Gibbs was asked whether Biden's long experience in Washington -- 10 years more than John McCain's -- undermines Obama's promise to change the capital.
"Joe Biden works in Washington but he doesn't live there," Gibbs responded. "He is somebody who never has forgotten where he's from. ... He's a down-to-earth kind of guy."
Gibbs also faced clips from a Democratic debate where Biden, then running for the presidential nomination, expressed doubts about whether Obama was experienced enough to be president.
Gibbs said those kinds of clips are to be expected.
"You can pull up a lot of quotes from August when these two guys were running against each other," Gibbs said.
Gibbs acknowledged that Biden sometimes has an unhelpful tendency to be loquacious.
"He'd probably plead guilty to that," Gibbs said, adding: "We didn't hire him for his stunning good looks."
Gibbs rejected the notion that Obama advertisements attacking McCain over the fact that he could not recall in an interview how many houses he owns is an example of the "slash-and-burn" politics he once said he would reject.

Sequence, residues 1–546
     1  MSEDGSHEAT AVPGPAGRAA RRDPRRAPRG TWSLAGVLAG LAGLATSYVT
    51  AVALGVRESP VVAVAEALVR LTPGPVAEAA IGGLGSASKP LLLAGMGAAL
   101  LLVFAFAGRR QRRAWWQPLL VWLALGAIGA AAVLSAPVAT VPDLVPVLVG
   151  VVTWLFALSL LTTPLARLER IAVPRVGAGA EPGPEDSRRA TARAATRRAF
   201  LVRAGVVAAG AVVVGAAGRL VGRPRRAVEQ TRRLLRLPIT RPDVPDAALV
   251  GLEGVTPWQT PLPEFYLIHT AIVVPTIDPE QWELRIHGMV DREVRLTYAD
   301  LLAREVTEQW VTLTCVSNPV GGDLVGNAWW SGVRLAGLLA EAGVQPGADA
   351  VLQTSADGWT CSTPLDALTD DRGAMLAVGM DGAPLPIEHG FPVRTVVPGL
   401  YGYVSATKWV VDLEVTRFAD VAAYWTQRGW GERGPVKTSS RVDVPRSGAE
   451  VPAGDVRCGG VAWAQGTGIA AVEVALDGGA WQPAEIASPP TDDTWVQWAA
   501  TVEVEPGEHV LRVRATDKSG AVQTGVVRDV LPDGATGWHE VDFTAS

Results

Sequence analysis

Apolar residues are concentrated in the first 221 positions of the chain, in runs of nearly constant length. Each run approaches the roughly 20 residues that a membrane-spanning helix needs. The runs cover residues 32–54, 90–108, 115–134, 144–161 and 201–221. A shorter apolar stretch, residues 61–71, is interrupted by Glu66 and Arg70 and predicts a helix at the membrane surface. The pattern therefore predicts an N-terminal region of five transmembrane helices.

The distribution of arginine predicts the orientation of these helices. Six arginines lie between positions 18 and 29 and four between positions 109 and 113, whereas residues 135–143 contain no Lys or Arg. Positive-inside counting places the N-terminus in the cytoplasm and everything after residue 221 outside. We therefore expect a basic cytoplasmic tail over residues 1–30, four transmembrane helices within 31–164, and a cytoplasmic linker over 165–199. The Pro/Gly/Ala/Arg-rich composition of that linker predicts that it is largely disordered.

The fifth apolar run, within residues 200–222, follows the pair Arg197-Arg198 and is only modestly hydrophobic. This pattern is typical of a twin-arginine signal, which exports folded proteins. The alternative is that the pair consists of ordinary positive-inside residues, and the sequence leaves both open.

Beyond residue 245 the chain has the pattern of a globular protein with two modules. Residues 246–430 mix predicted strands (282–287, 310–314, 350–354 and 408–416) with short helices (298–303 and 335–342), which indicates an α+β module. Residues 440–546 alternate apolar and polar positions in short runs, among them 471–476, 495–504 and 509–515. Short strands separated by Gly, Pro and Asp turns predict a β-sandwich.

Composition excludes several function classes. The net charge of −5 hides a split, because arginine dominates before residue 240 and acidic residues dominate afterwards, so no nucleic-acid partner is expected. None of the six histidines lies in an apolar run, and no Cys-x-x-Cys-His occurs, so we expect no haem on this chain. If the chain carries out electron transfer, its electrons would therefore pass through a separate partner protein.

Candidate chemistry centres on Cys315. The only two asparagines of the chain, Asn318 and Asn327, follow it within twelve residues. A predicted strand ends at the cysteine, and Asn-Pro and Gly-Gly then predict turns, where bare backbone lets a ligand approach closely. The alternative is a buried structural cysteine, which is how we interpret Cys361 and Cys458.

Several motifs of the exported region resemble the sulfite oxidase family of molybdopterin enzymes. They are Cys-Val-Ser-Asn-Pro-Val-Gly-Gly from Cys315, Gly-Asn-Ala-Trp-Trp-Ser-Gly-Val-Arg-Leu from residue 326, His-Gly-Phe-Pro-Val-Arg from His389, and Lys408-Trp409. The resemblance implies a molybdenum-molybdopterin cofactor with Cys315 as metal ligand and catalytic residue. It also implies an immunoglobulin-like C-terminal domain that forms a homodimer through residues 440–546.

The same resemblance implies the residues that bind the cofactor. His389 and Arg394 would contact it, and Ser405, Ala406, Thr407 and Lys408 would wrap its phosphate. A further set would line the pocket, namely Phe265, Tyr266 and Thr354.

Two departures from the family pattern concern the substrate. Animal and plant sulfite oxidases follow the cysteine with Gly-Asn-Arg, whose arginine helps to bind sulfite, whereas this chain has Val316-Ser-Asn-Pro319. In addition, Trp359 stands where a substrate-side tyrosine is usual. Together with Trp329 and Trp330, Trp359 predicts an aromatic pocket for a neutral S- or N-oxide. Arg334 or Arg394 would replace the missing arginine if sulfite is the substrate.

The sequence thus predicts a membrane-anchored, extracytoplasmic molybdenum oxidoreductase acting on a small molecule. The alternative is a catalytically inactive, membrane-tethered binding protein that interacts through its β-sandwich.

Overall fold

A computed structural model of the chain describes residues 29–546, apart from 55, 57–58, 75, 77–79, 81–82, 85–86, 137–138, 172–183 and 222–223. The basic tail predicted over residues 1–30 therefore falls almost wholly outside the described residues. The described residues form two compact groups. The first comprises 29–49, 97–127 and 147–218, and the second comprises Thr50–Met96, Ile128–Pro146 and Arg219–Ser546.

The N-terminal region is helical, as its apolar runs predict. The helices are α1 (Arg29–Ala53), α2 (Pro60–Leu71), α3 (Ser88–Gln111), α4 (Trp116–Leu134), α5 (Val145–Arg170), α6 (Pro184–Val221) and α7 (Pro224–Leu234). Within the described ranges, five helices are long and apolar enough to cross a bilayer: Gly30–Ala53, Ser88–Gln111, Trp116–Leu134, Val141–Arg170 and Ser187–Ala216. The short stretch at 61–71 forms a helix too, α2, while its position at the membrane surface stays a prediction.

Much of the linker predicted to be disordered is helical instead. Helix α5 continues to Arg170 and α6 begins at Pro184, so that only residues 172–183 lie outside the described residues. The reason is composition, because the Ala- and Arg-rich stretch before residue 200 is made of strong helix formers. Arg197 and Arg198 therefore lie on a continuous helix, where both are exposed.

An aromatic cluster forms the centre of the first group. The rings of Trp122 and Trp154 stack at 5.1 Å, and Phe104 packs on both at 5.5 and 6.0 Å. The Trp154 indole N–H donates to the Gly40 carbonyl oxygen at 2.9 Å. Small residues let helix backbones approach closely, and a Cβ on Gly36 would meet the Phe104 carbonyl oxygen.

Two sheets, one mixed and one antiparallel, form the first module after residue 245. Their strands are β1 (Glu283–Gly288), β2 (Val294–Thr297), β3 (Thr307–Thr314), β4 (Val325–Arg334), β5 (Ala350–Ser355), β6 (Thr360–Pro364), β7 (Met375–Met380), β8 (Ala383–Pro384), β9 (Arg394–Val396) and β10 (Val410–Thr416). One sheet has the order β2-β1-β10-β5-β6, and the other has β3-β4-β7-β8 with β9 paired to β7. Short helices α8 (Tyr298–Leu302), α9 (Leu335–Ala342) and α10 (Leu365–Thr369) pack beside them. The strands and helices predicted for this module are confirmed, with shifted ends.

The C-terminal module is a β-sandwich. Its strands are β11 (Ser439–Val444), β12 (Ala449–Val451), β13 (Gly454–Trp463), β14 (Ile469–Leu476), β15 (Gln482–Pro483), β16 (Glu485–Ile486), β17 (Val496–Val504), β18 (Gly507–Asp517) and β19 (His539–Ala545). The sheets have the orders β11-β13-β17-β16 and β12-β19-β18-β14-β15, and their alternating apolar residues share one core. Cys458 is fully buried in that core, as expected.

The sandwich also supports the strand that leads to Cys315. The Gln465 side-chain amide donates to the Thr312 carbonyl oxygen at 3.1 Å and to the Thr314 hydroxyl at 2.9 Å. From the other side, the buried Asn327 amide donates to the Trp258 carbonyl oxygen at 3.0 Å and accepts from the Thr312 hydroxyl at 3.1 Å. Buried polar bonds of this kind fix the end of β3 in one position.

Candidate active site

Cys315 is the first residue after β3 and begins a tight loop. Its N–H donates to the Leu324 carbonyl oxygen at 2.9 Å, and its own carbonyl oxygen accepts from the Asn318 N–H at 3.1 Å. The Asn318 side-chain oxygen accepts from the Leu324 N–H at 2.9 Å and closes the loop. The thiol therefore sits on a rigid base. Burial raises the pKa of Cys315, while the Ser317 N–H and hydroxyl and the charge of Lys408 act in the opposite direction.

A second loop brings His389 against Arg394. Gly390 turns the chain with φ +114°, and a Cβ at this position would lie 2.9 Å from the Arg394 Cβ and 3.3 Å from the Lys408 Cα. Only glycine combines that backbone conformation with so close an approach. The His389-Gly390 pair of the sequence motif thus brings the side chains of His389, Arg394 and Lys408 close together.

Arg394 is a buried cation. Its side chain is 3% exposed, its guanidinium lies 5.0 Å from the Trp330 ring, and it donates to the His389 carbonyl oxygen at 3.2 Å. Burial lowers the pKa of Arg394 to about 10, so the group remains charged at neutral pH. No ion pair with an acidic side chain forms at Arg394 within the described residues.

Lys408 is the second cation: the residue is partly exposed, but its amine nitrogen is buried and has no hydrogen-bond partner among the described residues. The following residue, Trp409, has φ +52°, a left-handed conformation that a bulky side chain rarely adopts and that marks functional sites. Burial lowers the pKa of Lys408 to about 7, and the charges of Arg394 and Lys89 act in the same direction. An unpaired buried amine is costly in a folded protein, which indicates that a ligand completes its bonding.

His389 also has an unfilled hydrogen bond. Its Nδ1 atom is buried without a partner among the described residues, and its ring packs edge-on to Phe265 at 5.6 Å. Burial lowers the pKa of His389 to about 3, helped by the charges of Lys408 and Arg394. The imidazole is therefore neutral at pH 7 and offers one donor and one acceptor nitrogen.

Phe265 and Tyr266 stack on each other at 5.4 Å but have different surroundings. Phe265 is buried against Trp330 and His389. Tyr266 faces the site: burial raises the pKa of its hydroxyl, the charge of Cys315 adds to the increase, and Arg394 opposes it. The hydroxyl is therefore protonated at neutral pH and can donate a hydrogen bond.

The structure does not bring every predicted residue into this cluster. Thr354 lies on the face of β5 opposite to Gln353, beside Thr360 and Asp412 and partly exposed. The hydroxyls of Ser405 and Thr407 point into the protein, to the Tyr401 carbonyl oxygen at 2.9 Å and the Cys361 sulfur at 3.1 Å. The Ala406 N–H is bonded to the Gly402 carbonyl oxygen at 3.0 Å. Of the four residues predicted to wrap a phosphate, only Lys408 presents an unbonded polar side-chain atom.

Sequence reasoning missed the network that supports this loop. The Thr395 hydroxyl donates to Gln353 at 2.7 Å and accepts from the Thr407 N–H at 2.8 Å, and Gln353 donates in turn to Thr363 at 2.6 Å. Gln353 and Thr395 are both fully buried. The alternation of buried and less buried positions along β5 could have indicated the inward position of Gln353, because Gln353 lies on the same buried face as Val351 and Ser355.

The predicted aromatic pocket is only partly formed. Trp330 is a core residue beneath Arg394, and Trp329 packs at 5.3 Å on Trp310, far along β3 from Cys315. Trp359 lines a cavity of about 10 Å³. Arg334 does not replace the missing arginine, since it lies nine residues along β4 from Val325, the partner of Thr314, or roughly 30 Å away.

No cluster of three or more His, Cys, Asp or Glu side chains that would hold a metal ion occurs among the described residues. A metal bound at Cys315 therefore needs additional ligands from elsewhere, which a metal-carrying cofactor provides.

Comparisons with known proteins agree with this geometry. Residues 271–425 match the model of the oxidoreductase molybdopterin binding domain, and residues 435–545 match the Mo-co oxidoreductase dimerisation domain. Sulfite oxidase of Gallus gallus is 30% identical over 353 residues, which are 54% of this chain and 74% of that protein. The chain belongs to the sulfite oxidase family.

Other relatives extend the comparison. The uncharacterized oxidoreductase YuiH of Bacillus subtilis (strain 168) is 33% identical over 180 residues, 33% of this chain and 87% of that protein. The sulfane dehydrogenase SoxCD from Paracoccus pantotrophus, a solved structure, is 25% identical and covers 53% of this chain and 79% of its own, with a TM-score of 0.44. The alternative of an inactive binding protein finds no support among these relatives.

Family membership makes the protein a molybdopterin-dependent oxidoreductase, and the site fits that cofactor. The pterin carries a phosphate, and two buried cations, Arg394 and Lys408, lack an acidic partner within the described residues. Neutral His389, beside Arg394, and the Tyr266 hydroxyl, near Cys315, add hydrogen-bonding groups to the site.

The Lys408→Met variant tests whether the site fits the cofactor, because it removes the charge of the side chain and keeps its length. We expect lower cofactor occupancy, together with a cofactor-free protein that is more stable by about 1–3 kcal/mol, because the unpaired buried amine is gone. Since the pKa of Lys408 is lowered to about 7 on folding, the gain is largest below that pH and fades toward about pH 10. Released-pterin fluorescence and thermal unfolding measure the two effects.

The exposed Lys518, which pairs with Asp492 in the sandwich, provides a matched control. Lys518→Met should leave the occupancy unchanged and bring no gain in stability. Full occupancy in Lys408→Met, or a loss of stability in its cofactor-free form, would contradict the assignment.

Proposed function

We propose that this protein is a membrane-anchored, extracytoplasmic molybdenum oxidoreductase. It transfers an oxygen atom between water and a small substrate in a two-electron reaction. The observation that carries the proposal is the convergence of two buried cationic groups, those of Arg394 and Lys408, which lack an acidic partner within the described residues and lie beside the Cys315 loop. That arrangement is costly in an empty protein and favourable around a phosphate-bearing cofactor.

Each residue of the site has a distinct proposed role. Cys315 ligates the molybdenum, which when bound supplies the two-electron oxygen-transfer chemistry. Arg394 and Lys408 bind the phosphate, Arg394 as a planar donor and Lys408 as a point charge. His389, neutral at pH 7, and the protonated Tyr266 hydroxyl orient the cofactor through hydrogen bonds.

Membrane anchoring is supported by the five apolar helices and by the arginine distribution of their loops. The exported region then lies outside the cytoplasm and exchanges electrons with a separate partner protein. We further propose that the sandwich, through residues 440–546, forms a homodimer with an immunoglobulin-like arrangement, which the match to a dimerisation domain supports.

"It's a legitimate issue. ... [McCain] either forgot how many he has or he just wasn't being truthful with those reporters," Gibbs said. "You're out of touch if you have seven houses and don't even remember."
On Fox, Virginia Gov. Timothy Kaine (D) said Biden's history as a son of a car salesman would appeal to working-class voters struggling in the current economy. Similarly, he said, Obama came from no wealth.
"These two candidates understand the plight of working Americans," Kaine said.
Kaine, who was also on Obama's shortlist, said on Fox that Biden would still help Obama win votes in his state, since he "comes from a state, Delaware, that borders Virginia." (The states are actually separated by Maryland.)
Kaine added that Biden is popular with military voters and "Virginia is a very military state."
Ritter said on Fox that Obama appeals to independent voters who have migrated to the Mountain West over the past six years.
"The West has changed. ... The independents in the West are really looking for leadership," he said. "The change that Obama speaks of, we've previewed it in the West."
Posted at 12:31 PM ET on Aug 24, 2008